It's one thing to talk about the future of television -- but what if you're actually living it? As Director of Planning at Cadent Network, Danny Kaplan is the keeper of the keys when it comes to unlocking the power of an advanced television ad solution. "The most exciting part is being at the forefront of where television is moving and moving away from age/sex evaluations ... incorporating other data sets to come up with some really intelligent plans," Danny said during a recent conversation at Cadent's New York City offices.
Through its relationships with over 200 MVPDs, Cadent Network is the only national advanced efficiency network affording its clients data-driven solutions for reaching a valuable targeted television audience. So in this complex world of advanced television and ad technology, how does Danny describe his job in layman's terms? "Operators have a specific amount of television time [during which] a local car dealer or national tune-in spot may usually be shown … we are able to aggregate all that inventory from across the country and two hundred different cable operators and combine that with the advertiser's goals and data from Nielsen, TiVo and other providers to put together a media plan," he explained.
It's a far cry from the legal career Danny thought he wanted to pursue post-college. With a degree in Political Science from the University of Georgia and an affinity for John Grisham novels, Danny "accidentally" landed in media. Few law opportunities existed when Danny graduated, and so through a career fair he found his first job in Ad Sales at Comcast Spotlight. He was based out of their Atlanta office for two years.
Danny ultimately set aside legal aspirations in favor of a career in media and decided that New York City afforded more opportunity than Atlanta. He made the move up north and started as a Sales Planner at Cadent three years ago. He hails from Marietta, Georgia and looks back fondly on his days in the Peach State, though New York is a "real city," he joked.
The astute legal brain is still at work, however, as Danny is a self-professed "data hound," talking excitedly about optimizing media plans through advanced data sets. While many in the first five years of their media careers may be overwhelmed by the sheer amount of data coming from all directions, Danny claims he is not. In fact, he sees data as a wealth of opportunity.
"[We] really use the data to inform plans rather than looking at what adults 25-54 just deliver on an impression basis … in this challenged TV marketplace with down ratings and increased CPMs it's exciting to be at Cadent where we're providing a real solution to the marketplace," he said.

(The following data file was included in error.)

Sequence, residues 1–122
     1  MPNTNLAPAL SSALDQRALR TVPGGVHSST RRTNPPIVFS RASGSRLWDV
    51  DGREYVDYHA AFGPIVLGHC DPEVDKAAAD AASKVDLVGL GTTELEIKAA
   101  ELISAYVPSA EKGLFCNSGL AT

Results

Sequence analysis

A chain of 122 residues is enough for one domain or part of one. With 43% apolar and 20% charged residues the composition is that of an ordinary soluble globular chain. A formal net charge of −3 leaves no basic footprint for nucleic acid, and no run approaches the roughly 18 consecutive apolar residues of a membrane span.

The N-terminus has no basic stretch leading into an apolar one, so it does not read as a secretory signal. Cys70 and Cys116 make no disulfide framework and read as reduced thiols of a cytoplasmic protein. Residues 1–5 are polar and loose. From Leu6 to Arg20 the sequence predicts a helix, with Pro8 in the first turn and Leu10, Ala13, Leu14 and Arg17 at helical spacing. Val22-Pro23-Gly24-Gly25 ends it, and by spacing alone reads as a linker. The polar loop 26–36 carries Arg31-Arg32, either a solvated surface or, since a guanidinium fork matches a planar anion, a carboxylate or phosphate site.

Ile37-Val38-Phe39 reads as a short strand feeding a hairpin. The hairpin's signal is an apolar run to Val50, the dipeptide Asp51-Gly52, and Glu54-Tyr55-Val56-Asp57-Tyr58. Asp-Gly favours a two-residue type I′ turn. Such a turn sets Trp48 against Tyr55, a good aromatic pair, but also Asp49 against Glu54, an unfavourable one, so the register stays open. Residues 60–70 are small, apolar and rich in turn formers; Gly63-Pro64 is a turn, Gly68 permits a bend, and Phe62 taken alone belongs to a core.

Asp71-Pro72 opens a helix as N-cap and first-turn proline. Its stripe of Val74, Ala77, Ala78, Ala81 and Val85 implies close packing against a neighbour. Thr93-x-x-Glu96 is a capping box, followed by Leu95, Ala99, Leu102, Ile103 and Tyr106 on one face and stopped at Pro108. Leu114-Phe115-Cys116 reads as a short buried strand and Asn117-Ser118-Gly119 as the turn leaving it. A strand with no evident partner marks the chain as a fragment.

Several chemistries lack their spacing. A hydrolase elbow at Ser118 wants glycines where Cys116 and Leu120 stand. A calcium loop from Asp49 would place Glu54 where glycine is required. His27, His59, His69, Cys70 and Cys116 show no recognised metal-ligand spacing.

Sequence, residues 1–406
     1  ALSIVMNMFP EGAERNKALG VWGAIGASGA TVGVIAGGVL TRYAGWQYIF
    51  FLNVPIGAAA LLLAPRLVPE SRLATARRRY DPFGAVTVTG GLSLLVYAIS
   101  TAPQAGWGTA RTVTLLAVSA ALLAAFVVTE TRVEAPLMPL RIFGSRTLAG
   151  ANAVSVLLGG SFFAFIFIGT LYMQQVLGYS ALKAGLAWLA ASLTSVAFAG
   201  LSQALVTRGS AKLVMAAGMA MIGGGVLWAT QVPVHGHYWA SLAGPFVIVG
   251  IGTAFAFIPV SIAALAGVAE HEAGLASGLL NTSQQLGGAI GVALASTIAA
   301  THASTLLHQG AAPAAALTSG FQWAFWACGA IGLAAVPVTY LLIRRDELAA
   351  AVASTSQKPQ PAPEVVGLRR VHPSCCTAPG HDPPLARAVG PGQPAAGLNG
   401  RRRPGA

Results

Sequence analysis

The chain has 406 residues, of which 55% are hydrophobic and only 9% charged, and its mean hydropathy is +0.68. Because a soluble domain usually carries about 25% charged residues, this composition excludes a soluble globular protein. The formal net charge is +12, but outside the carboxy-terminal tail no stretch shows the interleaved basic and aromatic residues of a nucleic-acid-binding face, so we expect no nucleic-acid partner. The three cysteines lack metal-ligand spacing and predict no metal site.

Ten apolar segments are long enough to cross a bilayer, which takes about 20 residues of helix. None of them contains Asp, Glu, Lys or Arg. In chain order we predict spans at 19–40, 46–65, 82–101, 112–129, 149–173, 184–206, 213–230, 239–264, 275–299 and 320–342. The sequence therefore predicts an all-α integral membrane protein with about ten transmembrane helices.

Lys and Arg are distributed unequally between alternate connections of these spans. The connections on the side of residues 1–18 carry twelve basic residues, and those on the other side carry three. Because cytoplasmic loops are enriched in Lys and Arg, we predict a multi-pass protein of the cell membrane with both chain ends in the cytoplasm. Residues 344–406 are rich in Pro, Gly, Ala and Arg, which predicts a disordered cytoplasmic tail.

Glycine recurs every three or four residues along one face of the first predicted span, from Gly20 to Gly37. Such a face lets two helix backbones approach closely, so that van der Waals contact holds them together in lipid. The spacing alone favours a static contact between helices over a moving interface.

Data is not Danny's only passion. He spoke affectionately of his dog Lola (pictured at top), whom he rescued while volunteering at Manhattan shelter Animal Haven. If money and time were no object, he would happily run a dog rescue organization of his own.
Danny also enjoys the company of his non-canine co-workers. He oversees a team of sales planners and credits Cadent's CRO Jim Tricarico as being a mentor and influence on his management style. While Cadent focuses on the future of television, Danny appreciates the diversity of backgrounds on staff. Tricarico brings 30 years' experience network-side while others have a history in advanced television. The exchange of knowledge between his colleagues has "helped us to be a smarter, well-educated company."
Danny speaks candidly on the importance of educating one another within the industry. Like many up and comers in media, he is eager to learn. He would encourage executives to speak publicly on the new ways they are thinking about media. He also advises reading case studies and best practices that are out in-market so that the industry at large can adopt "the best examples of what's driving the business."
And to those deciding where to begin their media careers, Danny had one piece of salient advice -- look to join a smaller company. "In a relatively smaller company you are working directly with key decision makers and stakeholders and it's a more engaging experience, especially when you're young and you're learning," Danny said.
In five years' time Danny sees himself in a similar role, but one that has evolved and changed with the product and the business. He seems especially unfazed by change, approaching it as he does data -- with excitement and a matter-of-fact sensibility. While many young professionals may recoil at the thought of advanced data sets and constant change, Danny does just the opposite. "All good things," he mused.
So while Danny Kaplan may have accidentally landed in media and admitted he was not even a major media consumer pre-college, he is here to stay. He sees the value and takes great pleasure in the work he does. And to be on the precipice of the future of television advertising? Well, that's an added benefit.
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